Hybrid Cars • Present designs replace the internal combustion machine with gasoline driven electric motors, but do not attempt to use battery-stored electricity. • The cars get better gasoline mileage, but do not have fuel switching capability. • Nonetheless, their successful introduction is a significant steppingstone to technologies that will replace gasoline. • US Hybrid Sales have increased from 10,000 in 2000 to 355,000 in 2007.
Plug In Hybrid Electric Vehicles (PHEVs) • PHEV’s have gasoline electric generators that charge on-board high-tech lithium-ion (Li-ion) batteries. Or, motorists can charge the battery using a standard household electric plug. The household charge will allow driving on the battery before the generator takes over. (70% of all car trips in the U.S. are less than 40 miles.) • The following cars plan to use the PHEV technology: • - Toyota Prius will add 7 miles by battery • - GM’s concept car, the Volt due in 2010, will allow 40 miles by battery • - Ford Escape • - Saturn Vue • - Subaru G4e • The National Resources Defense Council and other environmental groups have challenged the advantages of PHEVs, because they may depend on electricity generated with coal. This is not, however, a marginal analysis - natural gas is usually the marginal fuel. • GM has made data on the Volt’s intended performance available and is used in the following calculations.
Table 2 - Resource Marginal Cost Electric Batteries Compared to Transport Fuel from Oil Sands (Assumes $60 crude oil, $8 per million Btu natural gas) Gas GeneratorWith distribution Fixed Costs $0.022 $0.022 Fuel Costs $0.056 $0.056 Trans. & Dist. $0.021 Total $0.078 $0.099 kWh per 40 miles 8 8 Cost $0.624 $0.792 Diesel*Gasoline* Threshold/bbl $60.00 $60.00 Conversion $12.00 Distribution $6.30 Total $60.00 $78.30 Per gallon $1.43 $1.86 At 30 mpg $1.91 $2.49 Battery Running Cost % 32.8% 31.9% *Excludes taxes
Li-ion battery technology • Critical to the success of PHEVs are efforts to make Li-ion batteries safe, lightweight, powerful, and cost-effective. • GM is co-developing (with spin-offs from MIT) the nanophosphate battery, based on batteries used for rechargeable power tools. This battery is expected to double present storage relative to weight. • In December Stanford announced its researches had developed a Li-ion battery based on silicon lithium nanowires that improves existing laptop batteries by a factor of 10 to 1 in performance versus weight. It is estimated to take 5 years to market. Researchers believe it could easily be sized up for cars.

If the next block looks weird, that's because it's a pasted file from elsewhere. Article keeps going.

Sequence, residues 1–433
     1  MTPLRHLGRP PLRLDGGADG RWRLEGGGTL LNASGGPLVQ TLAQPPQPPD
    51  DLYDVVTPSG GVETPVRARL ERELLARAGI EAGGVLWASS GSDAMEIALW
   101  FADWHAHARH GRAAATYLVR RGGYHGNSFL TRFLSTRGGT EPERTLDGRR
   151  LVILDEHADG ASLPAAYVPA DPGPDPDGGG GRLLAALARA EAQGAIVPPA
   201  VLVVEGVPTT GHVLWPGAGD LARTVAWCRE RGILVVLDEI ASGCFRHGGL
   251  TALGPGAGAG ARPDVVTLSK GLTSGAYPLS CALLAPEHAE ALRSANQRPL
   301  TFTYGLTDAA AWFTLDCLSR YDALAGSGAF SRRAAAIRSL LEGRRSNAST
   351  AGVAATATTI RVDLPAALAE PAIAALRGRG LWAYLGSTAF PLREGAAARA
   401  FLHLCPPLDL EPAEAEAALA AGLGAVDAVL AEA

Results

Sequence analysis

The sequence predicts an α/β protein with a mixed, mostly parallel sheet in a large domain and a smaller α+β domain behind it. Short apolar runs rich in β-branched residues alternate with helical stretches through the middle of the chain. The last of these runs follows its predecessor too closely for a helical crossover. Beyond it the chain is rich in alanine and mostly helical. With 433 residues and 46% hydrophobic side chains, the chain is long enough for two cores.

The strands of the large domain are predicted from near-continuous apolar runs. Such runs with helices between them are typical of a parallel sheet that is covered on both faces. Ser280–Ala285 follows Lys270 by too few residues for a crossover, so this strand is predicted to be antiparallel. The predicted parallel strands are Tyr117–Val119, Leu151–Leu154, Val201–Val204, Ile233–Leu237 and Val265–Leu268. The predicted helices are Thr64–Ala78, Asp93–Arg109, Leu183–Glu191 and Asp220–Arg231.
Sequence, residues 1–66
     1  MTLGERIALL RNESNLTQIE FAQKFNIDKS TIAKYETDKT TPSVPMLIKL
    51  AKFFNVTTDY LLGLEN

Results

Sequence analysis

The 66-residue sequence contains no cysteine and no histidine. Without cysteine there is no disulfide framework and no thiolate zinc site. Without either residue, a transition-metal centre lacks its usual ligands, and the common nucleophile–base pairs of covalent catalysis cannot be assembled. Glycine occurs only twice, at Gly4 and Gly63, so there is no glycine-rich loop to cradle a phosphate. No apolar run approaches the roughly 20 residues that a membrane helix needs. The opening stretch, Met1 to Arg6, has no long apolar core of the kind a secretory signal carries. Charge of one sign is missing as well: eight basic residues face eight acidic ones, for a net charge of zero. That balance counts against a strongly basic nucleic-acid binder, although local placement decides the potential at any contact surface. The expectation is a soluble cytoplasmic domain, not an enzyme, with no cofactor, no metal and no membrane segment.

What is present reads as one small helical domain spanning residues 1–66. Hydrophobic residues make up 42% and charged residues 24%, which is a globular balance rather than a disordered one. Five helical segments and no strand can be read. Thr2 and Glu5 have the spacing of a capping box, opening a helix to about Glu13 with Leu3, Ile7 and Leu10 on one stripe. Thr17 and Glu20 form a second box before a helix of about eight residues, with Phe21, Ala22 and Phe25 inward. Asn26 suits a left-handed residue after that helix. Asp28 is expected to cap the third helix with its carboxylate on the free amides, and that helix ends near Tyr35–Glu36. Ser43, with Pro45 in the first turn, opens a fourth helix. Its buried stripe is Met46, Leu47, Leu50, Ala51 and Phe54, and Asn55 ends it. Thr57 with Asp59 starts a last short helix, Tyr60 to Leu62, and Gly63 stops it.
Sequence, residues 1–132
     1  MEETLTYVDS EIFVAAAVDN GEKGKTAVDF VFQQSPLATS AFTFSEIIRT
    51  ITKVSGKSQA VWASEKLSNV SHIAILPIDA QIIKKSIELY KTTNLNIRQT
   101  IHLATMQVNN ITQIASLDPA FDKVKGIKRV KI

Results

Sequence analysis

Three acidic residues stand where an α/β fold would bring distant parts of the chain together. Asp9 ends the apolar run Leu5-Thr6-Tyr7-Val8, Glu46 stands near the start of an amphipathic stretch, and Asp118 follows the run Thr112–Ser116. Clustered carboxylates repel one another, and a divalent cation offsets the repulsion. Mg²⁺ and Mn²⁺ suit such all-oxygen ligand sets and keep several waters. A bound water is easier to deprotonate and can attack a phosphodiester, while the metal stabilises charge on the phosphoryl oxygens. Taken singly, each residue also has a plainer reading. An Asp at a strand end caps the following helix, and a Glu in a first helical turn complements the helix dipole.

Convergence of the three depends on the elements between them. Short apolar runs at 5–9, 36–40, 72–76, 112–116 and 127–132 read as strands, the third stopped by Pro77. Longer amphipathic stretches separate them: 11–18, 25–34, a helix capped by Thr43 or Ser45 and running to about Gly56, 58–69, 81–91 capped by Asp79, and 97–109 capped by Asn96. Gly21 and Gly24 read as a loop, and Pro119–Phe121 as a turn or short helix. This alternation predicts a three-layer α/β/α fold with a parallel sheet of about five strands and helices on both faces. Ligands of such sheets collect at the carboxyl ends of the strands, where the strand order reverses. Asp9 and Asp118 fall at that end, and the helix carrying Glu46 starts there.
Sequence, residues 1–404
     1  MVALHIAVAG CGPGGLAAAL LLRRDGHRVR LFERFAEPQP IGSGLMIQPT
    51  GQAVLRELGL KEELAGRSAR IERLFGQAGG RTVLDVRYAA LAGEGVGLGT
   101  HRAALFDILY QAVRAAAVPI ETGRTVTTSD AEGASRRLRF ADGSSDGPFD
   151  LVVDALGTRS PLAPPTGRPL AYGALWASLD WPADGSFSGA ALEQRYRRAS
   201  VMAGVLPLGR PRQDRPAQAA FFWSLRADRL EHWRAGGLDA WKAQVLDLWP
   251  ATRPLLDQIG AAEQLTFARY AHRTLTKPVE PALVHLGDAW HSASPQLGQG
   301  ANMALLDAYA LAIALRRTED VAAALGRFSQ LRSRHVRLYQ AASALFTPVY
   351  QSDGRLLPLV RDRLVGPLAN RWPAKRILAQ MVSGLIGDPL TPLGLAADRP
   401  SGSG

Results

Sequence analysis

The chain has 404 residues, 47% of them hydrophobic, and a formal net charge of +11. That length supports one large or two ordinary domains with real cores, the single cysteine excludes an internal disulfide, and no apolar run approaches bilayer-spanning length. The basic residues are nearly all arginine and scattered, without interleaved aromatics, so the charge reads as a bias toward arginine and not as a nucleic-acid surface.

Pellet stoves - inconvenient but cheap • Pellet stoves burn small manufactured pellets and are automated to maintain flow into the burner and regulate temperature. Pellets can be made from wood, sawdust, nut shells, and similar waste bio-materials. Modern stoves have catalytic converters to minimize pollutants. • Heating costs for a building 2,000 to 3,000 square feet: - Stove $1,700 to $3000 - Monthly electricity $9 - Fuel $240 to $400 per year • Costs are approximately 5 to 7 times cheaper than heating oil. • Stoves require loading of pellets (about 40 pounds) every day or two and weekly cleaning.
For the next month oil prices are likely to continue to weaken. For 4Q08 and 2009, oil prices could rise if the global economy avoids a recession. However, I do not think this very likely. Heavy fuel oil prices and natural gas prices will move closer to thermal parity, mainly because oil prices will likely decline. For the long-term oil prices are unlikely to strike an equilibrium path above $60 per barrel (2008 $). This is because there are too many end-use alternatives that will be provoked by higher prices. Conclusion